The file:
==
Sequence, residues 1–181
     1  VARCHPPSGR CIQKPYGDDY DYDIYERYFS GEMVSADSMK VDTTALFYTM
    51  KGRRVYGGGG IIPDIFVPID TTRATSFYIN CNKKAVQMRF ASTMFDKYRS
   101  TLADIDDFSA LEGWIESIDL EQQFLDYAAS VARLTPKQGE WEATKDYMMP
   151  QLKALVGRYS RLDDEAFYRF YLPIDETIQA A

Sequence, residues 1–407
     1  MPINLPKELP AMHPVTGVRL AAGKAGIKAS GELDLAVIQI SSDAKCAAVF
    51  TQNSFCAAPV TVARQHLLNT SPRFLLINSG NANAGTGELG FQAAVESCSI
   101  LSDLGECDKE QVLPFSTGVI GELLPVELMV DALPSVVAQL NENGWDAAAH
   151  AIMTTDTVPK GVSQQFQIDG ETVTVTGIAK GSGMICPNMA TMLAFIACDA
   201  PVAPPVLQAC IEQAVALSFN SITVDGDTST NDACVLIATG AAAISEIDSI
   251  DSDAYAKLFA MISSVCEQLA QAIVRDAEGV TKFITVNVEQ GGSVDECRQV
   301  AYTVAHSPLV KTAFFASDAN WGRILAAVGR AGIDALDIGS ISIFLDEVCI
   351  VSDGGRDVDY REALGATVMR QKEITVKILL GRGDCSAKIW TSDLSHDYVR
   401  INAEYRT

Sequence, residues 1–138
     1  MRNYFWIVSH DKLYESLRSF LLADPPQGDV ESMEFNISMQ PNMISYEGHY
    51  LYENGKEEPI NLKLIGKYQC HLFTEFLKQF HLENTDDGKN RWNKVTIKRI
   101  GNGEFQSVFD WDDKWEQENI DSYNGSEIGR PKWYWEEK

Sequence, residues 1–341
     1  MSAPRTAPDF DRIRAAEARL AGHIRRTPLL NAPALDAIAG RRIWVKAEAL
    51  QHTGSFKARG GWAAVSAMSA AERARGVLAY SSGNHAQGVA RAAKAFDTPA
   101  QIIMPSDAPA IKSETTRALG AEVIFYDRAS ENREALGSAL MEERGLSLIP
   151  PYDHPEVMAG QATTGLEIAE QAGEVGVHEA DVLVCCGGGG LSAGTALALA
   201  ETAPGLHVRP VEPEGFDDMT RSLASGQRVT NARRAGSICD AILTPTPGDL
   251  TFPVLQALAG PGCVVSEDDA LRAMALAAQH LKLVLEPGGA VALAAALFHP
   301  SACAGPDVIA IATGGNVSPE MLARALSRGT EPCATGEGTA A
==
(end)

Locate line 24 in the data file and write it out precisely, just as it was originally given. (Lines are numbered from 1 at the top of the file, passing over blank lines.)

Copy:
   151  PYDHPEVMAG QATTGLEIAE QAGEVGVHEA DVLVCCGGGG LSAGTALALA